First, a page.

The new website PoetrySpeaks is aiming to serve as a social networking hub and online marketplace for poets. Visitors are greeted with a sleek, jukebox-style display of poet portraiture and an unpretentious atmosphere. And it's immediately clear that PoetrySpeaks casts a wide net: among the home page's collage of clickable poet heads, spoken word poet Kevin Coval appears next to William Butler Yeats.
Click on your poet of choice, be it a hipster or an Irishman, and you'll be taken to a web page that includes a list of audio (and maybe even video) recordings. And here's where things get interesting. As with iTunes, you can preview each recorded poem then decide if you want to spend 99 cents to download it ($1.99 for a video version). The site is, quite literally, banking on your interest in poetry.
Will the iTunes model work for poetry? Site creator Dominique Raccah certainly thinks so. She told the Wall Street Journal that "Poetry has a marketing problem. This is a solution." Her publishing company, Sourcebooks (which is also backing the site) has a history of applying out-of-the-box techniques to market the art. It produced two popular poetry anthologies, Poetry Speaks and Poetry Speaks to Children, by bringing the texts to life--pairing the books with CDs of the anthologized poets reading their work.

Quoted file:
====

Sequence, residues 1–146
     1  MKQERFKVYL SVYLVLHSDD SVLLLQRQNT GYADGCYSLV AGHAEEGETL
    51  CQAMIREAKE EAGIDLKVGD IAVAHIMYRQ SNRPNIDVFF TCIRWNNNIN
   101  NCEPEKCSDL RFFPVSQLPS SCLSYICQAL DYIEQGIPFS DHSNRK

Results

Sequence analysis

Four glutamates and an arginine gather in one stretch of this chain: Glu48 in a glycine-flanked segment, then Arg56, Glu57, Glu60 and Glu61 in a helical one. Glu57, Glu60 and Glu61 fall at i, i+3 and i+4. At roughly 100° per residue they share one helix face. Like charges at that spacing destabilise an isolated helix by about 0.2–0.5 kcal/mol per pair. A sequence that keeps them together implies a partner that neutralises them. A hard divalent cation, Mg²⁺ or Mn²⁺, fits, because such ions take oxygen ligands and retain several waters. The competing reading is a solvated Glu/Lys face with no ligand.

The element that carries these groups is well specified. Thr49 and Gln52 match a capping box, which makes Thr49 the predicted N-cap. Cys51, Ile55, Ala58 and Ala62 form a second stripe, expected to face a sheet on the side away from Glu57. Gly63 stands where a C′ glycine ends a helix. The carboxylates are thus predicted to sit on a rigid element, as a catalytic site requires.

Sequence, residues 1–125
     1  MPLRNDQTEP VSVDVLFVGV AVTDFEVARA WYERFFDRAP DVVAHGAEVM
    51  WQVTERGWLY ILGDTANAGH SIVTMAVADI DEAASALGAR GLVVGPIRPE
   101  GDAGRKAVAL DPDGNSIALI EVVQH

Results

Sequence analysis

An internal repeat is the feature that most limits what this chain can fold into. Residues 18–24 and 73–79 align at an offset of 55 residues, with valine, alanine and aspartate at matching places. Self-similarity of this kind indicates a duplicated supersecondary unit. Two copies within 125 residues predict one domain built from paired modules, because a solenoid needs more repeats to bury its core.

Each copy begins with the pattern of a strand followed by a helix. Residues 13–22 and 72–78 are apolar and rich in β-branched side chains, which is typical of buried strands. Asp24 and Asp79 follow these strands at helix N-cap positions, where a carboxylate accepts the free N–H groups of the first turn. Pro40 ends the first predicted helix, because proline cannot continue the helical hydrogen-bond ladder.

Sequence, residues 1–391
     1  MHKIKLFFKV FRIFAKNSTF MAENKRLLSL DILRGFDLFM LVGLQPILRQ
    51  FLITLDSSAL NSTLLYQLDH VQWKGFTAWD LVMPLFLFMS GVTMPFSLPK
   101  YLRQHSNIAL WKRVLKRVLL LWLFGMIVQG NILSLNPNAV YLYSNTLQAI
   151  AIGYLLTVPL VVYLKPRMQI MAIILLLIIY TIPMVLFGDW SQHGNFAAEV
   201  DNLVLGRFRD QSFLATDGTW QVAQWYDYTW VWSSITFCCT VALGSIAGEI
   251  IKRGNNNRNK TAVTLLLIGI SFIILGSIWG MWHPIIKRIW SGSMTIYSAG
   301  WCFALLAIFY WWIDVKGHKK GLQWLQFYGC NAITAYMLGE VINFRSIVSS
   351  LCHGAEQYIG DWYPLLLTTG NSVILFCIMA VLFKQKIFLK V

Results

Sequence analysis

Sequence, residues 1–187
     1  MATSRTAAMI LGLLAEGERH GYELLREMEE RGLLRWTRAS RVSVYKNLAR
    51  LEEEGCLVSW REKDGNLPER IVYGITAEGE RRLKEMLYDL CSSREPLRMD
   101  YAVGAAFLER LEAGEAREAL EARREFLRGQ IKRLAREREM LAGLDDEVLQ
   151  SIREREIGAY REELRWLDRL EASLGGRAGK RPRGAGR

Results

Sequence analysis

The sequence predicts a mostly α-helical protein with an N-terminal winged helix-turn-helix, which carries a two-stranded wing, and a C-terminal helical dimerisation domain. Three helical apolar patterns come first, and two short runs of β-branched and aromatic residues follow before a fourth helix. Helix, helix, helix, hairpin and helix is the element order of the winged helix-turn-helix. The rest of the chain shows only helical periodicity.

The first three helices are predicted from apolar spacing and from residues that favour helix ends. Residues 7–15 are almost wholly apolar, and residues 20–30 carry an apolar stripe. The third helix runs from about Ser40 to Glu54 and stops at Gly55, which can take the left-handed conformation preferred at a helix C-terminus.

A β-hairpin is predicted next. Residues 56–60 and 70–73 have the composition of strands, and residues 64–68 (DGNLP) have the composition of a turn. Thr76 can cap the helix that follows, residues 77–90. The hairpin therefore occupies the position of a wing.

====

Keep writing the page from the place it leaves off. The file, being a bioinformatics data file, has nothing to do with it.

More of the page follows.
Another interesting aspect of PoetrySpeaks is a section called YourMic, whereby anyone can upload an audio or video recording of a poem and share it with the site's online community. Take a look at "Price of Retribution" by 15-year-old Emanuel Vinson of Chicago. YourMic poets can't yet market their work, but Raccah hopes that the site will evolve to include a self-publishing capability.
To help build a community, all PoetrySpeaks visitors are encouraged to create free profiles whereby they can share their favorite poets and poems and show off their own work. Members can also rate and review each other's work. And the site is wired into social networking sites like Twitter, Facebook, and that other stuff that gets confusing for those of us over thirty.
The poems available on PoetrySpeaks are currently limited to those that Sourcebooks owns the rights to, along with a few publishers that the site has signed agreements with (Tupelo Press, Marick Press and Naxos Audiobooks), but the site is planning to grow. It's a new business model for an old art form, and any lover of poetry should be interested in seeing how the combination works.
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